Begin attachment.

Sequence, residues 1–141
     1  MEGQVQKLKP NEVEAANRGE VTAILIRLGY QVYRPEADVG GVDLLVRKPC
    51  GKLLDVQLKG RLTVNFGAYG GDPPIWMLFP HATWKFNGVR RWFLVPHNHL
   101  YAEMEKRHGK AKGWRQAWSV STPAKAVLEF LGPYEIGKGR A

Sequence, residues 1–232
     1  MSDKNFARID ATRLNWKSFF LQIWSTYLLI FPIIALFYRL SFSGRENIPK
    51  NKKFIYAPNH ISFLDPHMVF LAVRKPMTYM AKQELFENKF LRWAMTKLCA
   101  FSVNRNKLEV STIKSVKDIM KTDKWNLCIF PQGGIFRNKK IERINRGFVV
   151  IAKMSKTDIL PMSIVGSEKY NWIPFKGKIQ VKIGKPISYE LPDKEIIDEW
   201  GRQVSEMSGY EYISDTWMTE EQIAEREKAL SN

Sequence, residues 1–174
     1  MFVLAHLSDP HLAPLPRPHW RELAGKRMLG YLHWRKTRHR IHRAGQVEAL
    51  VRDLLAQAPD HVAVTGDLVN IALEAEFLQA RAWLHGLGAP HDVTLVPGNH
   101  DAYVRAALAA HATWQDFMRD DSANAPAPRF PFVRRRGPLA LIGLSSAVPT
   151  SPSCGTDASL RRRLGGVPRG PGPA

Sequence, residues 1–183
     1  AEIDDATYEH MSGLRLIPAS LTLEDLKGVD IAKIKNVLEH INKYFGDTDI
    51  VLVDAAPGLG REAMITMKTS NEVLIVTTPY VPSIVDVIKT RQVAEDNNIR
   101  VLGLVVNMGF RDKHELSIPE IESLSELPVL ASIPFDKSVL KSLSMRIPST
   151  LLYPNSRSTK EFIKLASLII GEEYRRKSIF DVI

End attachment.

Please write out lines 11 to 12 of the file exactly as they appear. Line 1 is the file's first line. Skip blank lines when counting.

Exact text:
Sequence, residues 1–174
     1  MFVLAHLSDP HLAPLPRPHW RELAGKRMLG YLHWRKTRHR IHRAGQVEAL